Rock  |  Water  |  Wood
The forests of Yosemite range from foothill-woodland to alpine, the result of elevations in the Park that extend from less than 2,000 feet to the highest point, Mount Lyell, at 13,111 feet.  Different zones have different mixes of trees and vegetation.  In some areas the forest provides fairly dense cover and welcome shade on hot days, while in other places trees are dotted about amidst the granite.  In alpine areas of the Yosemite, there are no trees at all.  Among the most dramatic sights in the Park are several giant sequoia groves; the Mariposa Grove includes such trees as the 210 foot tall Grizzly Giant.  (I did not manage to get to the sequoia groves on this visit).  Factors big and small, from lightening, wind and other weather to insects and fungal infections, fell individual trees.  Additionally, each season trail maintenance crews cut smaller trees to keep the paths clear, and the Park Service has engaged in efforts over many decades to prevent conifers from encroaching on meadows.  On a larger scale, rockfalls can flatten large swaths of trees, fire can blacken many acres, and insects can lay bare thousands of trees.
A view from above Olmstead Point includes a Western juniper in the right foreground.  These juniper trees are probably my personal favorite among Yosemite's trees.  The older trees are like works of art scattered about on a vast granite canvas.  They have broad trunks and light reddish bark; often there are exposed sections of wood.  In some places the wood is texturized gray and black, elsewhere it may be eaten away by dry rot, and in other places looks as if it had been carved by a chisel from a fresh piece of timber.  At the top are small craggy branches and tufts of greenery.  Oftentimes there will be lichens as well.  The trees have been growing for hundreds of years out there on the granite, surviving through hot summer days and cold winter snowstorms.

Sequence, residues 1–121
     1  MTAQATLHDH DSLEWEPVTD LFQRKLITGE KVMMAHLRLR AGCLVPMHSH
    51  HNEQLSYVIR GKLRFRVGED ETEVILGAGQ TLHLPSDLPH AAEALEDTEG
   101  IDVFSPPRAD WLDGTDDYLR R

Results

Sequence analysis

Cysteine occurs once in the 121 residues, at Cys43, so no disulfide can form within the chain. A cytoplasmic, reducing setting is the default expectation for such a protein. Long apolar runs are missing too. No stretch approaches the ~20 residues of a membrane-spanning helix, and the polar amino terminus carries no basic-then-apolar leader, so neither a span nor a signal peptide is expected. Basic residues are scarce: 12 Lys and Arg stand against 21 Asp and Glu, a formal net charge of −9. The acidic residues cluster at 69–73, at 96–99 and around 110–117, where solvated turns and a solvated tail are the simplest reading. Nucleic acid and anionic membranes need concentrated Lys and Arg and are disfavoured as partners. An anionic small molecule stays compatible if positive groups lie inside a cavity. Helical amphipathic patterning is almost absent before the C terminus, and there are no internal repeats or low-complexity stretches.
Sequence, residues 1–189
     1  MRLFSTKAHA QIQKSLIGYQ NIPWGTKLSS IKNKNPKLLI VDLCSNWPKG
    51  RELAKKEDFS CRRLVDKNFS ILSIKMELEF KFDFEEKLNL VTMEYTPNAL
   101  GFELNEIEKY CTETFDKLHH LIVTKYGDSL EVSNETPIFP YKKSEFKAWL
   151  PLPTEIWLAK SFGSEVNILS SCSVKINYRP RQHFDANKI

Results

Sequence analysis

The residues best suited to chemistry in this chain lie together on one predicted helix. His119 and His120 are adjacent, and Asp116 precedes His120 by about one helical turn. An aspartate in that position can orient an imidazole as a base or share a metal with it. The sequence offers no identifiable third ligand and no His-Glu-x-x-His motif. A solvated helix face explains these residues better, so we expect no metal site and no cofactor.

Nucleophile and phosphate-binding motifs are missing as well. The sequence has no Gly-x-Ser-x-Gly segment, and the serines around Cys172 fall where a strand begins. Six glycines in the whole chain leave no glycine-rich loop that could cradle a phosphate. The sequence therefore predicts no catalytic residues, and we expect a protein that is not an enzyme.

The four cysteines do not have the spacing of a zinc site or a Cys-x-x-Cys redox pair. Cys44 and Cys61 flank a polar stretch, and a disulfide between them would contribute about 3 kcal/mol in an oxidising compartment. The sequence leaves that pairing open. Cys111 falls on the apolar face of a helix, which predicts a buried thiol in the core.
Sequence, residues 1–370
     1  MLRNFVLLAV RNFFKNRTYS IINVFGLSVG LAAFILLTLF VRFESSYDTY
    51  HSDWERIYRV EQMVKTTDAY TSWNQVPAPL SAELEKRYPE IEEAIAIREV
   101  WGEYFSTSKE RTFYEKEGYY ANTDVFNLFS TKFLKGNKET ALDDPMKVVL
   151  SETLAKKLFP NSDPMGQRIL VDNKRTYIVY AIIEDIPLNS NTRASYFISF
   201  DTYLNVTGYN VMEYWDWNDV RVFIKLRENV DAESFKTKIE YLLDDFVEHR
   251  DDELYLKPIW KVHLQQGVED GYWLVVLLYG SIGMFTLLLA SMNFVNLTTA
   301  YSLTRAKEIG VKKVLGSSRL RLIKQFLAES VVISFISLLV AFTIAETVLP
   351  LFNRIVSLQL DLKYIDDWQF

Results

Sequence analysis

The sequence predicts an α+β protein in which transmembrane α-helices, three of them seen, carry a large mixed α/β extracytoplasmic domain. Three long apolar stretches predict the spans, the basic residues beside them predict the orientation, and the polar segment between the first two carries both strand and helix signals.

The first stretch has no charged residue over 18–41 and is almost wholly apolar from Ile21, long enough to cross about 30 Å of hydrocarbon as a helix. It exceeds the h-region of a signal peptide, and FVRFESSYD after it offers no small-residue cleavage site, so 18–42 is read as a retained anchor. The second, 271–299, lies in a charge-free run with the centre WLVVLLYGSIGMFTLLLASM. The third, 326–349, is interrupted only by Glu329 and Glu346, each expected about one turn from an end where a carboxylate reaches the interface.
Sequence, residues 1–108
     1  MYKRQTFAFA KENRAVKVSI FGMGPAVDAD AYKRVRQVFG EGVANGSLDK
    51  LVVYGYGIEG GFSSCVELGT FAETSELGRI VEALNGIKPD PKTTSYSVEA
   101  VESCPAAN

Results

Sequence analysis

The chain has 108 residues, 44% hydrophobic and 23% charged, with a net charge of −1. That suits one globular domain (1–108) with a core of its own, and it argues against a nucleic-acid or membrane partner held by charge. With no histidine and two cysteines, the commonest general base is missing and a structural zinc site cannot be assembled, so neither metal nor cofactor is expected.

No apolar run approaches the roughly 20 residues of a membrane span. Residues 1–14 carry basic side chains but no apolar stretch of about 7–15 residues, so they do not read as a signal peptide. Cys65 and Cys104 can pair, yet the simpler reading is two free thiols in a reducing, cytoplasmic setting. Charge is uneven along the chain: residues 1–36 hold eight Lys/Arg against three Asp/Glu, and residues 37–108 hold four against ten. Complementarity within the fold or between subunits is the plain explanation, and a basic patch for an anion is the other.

The trunk of a Western Juniper in the Olmstead Point area.
The trunk of a Western Juniper frames a scene in the Olmstead Point area.
The trunk of this Western Juniper in the Olmstead Point area looks as if it has been carved with a chisel.

Below: Details of fallen trees (top two from the Lembert Dome trail; lower two from the Dewey Point trail).

Bits of wood from a fallen tree along the Dog Lake trail.

According to the National Park Service, Yosemite has 37 species of native trees. 
One common tree is the Sierra lodgepole pine (tamarack pine), photo taken in the Olmstead Point area.
Not all of Yosemite's trees are conifers; there are also aspens, photo taken on the trail from Dewey Point to the Glacier Point Road, as well as oaks and others.

Smoke rises from small fire, seen from near the Sentinel Dome trailhead off Glacier Point Road.

Famous trees of the past include the Wawona Tunnel Tree, a giant sequoia which fell in 1969, and a twisted Jeffrey Pine that grew atop Sentinel Dome and was the subject of an Ansel Adams photograph.

Plants - Yosemite National Park